This project (2018-1-ES01-KA203-050606) has been funded with support from the European Commission.
This web site reflects the views only of the author, and the Commission cannot be held responsible for any use which may be made of the information contained therein.

This project has been funded with support from the European Commission.
This web site reflects the views only of the author, and the Commission cannot be held responsible for any use which may be made of the information contained therein.

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The story of the Mărcuţa sanatorium


Place where the object is located
Bucharest, in Pantelimon
Story of the object
In Pantelimon, an area that could at any time, without much effort, win the unofficial title of "Bucharest's ugliest neighborhood", there are traces of Mihai Eminescu's last passing through life. They are disguised, surrounded by tall blocks and covered by the infernal battle of road traffic, which goes only a few tens of meters away. Here was once the Mărcuţa sanatorium, the place where the one considered to be the national poet of Romania spent the best part of his last year of life. The story of Mărcuţa, the history of this place was covered up twice. Once in power, the communists turned it into a re-education school, and the last signs of "patient Eminescu" (poems written on the walls of the room) were erased by a whitewash. A little closer to immediate modernity, the place was transformed by the "capitalists" into another re-education center, but with a more friendly name: "Complex of Recreational and Educational Activities".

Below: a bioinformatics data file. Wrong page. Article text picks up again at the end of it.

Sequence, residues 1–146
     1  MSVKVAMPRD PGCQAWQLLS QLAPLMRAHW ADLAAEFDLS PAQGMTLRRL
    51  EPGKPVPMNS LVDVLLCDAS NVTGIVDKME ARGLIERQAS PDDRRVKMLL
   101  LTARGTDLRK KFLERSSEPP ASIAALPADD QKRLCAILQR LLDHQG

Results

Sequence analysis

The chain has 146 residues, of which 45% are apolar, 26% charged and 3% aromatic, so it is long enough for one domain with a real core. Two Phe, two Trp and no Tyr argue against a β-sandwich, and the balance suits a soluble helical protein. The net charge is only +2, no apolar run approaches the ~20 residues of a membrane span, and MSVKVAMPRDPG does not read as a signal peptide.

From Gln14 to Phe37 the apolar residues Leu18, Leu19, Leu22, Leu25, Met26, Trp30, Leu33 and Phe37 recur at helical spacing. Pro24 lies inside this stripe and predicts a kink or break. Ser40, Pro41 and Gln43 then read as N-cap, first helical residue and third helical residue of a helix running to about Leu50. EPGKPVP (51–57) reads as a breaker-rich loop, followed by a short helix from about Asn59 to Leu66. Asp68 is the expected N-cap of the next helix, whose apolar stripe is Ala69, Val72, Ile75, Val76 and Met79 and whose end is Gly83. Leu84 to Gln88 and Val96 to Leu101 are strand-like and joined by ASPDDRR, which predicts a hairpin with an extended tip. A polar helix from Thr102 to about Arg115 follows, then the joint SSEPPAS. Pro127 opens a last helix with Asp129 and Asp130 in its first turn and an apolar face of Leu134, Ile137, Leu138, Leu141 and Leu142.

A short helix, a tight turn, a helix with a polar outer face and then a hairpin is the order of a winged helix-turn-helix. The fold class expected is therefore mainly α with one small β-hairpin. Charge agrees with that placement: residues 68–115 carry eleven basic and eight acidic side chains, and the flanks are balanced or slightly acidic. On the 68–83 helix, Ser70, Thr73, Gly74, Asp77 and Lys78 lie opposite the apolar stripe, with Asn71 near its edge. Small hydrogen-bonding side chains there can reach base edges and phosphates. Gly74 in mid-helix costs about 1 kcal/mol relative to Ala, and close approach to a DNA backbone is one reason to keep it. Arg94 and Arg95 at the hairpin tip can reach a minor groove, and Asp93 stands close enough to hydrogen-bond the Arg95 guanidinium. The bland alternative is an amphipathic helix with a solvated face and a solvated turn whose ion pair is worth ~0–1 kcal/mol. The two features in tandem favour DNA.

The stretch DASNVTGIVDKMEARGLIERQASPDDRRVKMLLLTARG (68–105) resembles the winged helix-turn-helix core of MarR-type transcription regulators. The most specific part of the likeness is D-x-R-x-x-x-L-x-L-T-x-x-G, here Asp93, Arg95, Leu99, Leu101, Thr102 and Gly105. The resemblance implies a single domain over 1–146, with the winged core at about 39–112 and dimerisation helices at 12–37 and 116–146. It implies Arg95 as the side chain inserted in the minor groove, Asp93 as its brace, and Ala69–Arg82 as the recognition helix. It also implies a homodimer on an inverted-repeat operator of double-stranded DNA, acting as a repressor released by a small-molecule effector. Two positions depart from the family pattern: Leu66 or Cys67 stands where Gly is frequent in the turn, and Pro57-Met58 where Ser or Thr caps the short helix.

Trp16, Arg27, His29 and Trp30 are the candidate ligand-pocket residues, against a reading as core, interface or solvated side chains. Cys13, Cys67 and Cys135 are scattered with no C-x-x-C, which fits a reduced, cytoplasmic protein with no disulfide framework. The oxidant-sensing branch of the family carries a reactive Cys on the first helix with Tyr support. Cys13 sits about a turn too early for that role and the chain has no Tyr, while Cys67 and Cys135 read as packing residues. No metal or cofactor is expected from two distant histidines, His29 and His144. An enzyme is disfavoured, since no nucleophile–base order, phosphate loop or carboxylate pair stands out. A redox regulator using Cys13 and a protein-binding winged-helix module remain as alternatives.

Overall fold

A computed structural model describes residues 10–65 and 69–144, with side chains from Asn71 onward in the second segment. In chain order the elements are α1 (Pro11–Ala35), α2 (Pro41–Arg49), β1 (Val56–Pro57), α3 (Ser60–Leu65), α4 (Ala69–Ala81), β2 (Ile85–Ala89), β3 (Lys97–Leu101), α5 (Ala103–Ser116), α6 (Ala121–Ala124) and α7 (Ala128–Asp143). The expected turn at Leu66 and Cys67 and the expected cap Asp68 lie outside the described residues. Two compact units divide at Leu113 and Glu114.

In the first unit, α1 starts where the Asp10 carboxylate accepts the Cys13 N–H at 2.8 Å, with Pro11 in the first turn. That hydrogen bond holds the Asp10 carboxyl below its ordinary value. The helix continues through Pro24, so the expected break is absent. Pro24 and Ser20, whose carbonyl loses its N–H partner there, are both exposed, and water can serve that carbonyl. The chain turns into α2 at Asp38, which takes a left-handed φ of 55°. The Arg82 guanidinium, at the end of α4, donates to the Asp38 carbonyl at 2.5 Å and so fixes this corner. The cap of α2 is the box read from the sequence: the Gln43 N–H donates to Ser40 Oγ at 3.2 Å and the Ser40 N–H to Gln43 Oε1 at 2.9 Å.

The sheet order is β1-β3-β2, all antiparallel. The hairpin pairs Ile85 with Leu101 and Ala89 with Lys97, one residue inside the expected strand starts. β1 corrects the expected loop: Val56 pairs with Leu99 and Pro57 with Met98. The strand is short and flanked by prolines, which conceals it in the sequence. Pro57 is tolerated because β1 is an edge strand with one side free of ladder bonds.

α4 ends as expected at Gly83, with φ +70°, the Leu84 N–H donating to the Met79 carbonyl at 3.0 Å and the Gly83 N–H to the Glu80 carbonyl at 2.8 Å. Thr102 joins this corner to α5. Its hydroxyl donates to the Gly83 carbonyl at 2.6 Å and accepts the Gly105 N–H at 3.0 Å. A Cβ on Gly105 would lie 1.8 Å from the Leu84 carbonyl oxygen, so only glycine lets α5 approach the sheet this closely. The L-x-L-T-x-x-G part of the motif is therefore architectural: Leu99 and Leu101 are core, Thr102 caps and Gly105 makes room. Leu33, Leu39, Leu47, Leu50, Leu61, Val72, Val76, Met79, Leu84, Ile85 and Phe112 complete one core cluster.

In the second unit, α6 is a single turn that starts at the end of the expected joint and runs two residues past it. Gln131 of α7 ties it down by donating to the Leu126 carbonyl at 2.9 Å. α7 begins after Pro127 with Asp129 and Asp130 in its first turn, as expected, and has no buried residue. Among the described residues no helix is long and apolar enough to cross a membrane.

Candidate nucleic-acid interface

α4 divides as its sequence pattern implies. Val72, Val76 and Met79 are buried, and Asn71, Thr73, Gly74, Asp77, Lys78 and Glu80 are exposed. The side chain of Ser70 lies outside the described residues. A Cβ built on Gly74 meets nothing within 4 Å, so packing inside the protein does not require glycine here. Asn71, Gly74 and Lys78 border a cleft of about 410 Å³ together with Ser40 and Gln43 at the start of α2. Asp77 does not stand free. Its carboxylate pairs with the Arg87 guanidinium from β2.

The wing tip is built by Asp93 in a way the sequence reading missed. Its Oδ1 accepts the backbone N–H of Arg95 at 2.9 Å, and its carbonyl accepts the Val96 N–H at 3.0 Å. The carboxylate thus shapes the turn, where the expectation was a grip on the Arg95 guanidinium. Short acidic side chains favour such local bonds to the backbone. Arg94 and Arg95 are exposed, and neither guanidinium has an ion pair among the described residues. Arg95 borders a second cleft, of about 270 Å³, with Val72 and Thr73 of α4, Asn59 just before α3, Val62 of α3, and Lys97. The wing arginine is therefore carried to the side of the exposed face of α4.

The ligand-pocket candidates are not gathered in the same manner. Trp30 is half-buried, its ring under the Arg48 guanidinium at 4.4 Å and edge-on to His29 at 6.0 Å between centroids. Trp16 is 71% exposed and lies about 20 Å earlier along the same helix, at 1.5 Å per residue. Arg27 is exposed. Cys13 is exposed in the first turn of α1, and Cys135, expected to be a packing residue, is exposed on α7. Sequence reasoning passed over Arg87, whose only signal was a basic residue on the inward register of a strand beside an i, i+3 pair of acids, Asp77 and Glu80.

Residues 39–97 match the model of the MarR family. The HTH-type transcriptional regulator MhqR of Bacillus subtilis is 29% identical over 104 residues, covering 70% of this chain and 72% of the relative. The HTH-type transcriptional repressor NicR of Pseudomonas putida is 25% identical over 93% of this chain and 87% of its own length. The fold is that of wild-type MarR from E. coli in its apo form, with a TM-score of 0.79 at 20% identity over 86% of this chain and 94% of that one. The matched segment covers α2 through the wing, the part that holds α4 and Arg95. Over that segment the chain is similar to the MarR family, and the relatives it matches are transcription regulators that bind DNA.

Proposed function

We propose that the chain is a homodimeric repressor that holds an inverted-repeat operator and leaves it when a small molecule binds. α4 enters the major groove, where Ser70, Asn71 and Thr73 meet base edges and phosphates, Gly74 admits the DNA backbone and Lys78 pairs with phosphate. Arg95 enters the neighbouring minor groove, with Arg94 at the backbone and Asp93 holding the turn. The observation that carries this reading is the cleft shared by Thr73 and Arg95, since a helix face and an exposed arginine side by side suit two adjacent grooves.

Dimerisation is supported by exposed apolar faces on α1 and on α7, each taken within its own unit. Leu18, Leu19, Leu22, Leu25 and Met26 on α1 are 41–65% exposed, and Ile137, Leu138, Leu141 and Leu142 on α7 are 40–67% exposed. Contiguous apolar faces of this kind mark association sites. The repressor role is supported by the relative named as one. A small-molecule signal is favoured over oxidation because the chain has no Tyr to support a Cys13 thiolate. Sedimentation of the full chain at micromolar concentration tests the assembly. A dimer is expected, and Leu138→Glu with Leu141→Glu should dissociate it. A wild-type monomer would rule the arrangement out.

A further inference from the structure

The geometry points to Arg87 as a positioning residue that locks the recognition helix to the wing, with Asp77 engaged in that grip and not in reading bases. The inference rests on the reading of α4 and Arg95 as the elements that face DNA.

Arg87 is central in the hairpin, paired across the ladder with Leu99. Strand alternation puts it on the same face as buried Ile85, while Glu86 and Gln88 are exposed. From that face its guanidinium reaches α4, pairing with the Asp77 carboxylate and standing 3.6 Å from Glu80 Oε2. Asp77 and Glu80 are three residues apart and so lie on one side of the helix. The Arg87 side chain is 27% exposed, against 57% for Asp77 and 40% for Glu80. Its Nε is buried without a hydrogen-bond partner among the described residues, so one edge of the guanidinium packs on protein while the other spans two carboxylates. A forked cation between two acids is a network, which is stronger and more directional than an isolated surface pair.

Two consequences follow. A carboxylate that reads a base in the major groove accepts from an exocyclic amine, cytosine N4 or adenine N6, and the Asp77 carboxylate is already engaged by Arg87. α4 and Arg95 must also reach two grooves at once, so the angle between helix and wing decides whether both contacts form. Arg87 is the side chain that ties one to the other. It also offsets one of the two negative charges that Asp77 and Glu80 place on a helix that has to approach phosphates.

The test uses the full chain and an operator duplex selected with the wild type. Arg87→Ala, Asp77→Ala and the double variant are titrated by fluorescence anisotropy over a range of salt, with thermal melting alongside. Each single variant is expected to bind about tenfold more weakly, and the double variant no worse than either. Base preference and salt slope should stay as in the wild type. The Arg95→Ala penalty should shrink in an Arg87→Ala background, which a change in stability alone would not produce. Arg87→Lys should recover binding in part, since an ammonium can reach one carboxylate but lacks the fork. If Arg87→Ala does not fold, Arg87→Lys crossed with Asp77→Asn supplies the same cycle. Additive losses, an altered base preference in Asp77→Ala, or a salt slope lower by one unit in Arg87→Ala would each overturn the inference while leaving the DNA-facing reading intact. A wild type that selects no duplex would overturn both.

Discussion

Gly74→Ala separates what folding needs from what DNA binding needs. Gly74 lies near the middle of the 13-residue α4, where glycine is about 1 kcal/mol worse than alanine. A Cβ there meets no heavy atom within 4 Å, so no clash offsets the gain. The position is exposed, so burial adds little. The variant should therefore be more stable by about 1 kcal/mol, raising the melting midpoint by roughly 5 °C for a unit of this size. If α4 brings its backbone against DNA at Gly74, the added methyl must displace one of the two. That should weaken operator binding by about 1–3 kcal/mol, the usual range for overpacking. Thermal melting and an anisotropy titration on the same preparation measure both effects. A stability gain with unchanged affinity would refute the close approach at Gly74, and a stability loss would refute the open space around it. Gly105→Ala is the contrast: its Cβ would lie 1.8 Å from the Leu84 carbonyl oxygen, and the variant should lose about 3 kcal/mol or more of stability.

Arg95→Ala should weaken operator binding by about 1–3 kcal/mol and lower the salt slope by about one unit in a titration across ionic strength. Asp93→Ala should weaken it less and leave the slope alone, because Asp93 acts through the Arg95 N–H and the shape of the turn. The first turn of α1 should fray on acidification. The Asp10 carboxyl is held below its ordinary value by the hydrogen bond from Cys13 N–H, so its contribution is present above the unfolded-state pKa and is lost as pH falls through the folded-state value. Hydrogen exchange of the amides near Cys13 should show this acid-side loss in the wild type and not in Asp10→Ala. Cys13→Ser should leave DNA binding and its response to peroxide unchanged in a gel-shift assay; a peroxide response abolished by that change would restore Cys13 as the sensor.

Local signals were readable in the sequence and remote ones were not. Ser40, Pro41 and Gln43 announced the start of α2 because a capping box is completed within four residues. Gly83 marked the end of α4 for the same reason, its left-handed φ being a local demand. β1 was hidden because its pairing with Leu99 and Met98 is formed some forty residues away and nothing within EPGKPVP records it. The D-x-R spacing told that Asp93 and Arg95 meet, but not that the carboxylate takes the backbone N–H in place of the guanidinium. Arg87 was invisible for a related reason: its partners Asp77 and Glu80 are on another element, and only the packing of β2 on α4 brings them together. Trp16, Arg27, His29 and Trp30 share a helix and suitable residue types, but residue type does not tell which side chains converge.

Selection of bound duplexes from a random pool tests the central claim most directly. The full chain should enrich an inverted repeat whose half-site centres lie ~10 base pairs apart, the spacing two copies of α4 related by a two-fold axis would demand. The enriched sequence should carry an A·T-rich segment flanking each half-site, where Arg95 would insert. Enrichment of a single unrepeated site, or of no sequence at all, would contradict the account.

At that time, the Mărcuţa sanatorium had become an extremely respected medical center in the country, and had even managed to be mentioned, even though scarcely and as a medical curiosity, by foreign specialized magazines. This is how it was described in a Viennese publication by Dr. S.H. Scheiber, in 1868: “In the village of Mărcuţa, near Bucharest, there is a hospital for the insane. It has 170 beds, both for the mentally ill and for the incurable. A high wall surrounds the hospital. Care is generally human.”
In 1864, the medical unit had been among the first in the country to adopt an internal regulation called "Regulation of the Mărcuţa Hospice Service". It stated that the patients are treated with money from the Government. It also analyzed the treatment capacity, the diet, "receiving and leaving the lunatics from the hospice" and described "the bedding, clothing and cleaning measures".


Source: https://adevarul.ro/cultura/istorie/povestea-sanatoriului-marcuta-ultima-oprire-apacientului-eminescu-1_50f7c881dc344dc202469bb5/index.html
Label
For a long time, the name of Mărcuţa Monastery was related to that of the mental illness settlement that had been here for almost a century, from 1838 to 1925. As well as the image of Eminescu, a patient of the sanatorium, from February 3, 1889.
The Mărcuţa Church - one of the oldest in the Capital - still lives today, behind the blocks of flats on Pantelimon Road. However, the monastery, like so many others in old Bucharest, only exists in the history books and memoirs.

Source: https://jurnalul.ro/campaniile-jurnalul/bucuresti-555-de-ani/bucuresti-555-marcuta-manastire-cetate-ospiciu-678243.html